Because of political correctness and democratic absolutism, we are afflicted with a ridiculous conviction that because somebody has experienced something, they somehow are fully qualified to be an expert. This is particularly rampant in the Social Work and self-help industries. The theory goes that the best therapy is administered by somebody who has suffered the same disease, problem, etc.
It is a lazy assumption that I sum up as “Having Bad Teeth Doesn’t Make You Qualified to be a Dentist”. Would you consider a dentist to be qualified to do his job if he had bad teeth? No? Yet that is exactly what some people advocate when they believe that experiencing life’s difficulties gives them authority.
Would a person who is having a mental health problem be qualified to help other sufferers by the virtue of their shared illness? No. There is something more to it. Experiencing something does not mean that it has been correctly understood.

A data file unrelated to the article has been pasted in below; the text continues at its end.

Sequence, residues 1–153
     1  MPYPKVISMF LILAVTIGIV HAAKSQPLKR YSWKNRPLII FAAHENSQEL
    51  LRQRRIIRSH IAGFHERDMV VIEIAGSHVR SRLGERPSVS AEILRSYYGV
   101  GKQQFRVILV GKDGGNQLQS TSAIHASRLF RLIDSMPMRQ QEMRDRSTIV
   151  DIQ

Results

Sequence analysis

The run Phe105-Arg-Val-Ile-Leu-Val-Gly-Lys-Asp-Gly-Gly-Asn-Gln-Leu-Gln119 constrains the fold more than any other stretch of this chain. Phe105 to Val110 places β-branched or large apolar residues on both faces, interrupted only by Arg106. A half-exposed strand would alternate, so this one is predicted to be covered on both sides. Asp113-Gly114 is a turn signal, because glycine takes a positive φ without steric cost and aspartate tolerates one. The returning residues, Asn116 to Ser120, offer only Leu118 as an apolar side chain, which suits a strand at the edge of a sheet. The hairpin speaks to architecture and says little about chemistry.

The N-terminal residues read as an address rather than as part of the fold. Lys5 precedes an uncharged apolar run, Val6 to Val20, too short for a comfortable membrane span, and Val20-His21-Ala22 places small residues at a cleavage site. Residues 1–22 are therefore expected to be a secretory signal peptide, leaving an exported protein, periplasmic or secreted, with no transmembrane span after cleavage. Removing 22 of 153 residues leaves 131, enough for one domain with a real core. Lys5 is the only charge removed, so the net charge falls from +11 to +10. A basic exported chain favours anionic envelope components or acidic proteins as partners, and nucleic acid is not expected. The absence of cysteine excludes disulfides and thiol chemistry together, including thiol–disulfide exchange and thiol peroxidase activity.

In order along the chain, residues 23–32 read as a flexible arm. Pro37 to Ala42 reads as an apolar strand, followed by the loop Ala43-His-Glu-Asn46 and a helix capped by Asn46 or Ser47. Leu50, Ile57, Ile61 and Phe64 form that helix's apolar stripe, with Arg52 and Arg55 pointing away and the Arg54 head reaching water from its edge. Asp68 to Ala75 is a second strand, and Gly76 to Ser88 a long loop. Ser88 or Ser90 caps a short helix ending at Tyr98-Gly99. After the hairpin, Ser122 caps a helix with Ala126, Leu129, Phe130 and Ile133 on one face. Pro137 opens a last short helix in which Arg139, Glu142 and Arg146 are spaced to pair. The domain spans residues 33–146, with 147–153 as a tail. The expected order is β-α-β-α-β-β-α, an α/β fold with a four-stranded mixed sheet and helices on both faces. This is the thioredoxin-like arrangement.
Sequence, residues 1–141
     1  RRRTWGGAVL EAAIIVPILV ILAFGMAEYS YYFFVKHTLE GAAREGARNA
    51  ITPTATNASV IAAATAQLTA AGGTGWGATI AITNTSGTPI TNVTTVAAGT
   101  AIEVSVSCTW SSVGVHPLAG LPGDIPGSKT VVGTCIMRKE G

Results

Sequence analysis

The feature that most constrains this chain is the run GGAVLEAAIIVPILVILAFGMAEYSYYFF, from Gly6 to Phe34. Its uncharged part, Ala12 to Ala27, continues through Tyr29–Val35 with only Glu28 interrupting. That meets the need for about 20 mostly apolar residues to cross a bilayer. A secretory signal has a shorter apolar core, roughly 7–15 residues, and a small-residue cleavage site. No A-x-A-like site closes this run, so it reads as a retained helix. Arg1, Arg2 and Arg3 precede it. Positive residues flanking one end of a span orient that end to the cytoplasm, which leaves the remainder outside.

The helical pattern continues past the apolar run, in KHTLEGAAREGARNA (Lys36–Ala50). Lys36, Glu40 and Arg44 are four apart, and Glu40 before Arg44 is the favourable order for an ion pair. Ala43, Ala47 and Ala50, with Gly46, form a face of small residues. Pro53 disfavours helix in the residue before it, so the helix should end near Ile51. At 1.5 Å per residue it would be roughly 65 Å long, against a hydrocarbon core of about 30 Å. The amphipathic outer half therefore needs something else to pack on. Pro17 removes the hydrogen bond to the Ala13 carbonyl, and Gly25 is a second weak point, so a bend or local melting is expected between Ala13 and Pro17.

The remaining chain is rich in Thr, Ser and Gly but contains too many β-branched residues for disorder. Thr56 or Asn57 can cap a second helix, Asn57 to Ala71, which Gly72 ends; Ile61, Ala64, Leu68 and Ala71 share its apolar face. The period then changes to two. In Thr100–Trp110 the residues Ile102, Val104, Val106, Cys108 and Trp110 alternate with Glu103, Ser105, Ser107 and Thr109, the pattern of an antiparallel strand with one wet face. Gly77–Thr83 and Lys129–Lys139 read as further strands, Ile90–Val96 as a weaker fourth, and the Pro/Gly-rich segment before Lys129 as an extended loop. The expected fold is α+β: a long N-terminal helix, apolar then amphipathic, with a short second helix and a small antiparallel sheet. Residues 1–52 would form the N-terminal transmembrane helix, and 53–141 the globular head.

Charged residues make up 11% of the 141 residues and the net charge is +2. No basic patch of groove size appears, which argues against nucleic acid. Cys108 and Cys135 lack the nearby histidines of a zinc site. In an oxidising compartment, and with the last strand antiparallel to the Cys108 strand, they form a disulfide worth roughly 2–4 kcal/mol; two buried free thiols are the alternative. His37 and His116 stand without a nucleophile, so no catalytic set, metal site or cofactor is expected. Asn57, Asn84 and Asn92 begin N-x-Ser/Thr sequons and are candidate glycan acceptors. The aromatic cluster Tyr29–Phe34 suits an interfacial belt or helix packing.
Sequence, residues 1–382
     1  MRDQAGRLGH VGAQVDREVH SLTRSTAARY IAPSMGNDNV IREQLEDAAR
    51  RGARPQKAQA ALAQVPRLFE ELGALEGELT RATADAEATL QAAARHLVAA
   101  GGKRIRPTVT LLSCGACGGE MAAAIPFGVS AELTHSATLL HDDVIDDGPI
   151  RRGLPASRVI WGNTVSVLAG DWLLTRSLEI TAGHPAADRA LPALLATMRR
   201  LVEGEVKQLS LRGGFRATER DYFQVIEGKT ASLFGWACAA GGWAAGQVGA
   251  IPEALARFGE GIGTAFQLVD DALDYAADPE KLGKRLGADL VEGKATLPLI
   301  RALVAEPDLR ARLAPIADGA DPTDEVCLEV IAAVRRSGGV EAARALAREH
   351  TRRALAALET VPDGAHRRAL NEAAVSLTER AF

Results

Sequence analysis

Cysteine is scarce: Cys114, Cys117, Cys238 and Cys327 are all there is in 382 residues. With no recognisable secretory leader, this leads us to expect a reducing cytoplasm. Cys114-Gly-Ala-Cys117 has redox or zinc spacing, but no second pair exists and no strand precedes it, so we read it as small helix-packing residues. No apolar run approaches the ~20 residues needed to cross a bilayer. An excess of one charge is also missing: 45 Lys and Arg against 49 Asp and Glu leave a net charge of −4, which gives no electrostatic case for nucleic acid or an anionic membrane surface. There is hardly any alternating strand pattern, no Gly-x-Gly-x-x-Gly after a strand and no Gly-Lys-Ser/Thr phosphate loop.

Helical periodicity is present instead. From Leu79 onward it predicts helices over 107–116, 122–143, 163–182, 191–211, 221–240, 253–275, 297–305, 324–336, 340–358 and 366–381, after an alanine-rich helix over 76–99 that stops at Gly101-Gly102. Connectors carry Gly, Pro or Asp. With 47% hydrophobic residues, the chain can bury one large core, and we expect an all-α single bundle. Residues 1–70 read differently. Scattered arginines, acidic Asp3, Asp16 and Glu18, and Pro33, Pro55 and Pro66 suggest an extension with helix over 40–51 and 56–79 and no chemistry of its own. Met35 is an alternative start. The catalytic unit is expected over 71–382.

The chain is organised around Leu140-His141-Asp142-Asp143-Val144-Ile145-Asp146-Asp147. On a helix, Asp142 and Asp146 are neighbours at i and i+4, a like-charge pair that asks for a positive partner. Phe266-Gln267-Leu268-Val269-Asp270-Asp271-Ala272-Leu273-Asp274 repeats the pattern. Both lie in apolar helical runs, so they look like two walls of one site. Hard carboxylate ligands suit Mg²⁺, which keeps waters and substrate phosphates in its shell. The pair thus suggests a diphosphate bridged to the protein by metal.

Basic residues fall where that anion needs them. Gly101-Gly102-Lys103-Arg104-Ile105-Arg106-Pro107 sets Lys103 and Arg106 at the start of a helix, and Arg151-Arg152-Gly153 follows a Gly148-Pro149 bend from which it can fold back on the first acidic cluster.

What is even more twisted is when the sense of victimization becomes a badge of pride and exclusivity. I remember being told by at least three different women that because of their terrible experience at the hand of male spouses, their suffering made them uniquely qualified to comment on women’s issues.
Just like I won’t perform self-dentistry, I also will not choose a dentist because he has bad teeth.
Doc Surge (a cool synonym for Billows) is inspired by Doc Brass from the Planetary Comic series who in turn was inspired by the 1930s pulp hero Doc Savage.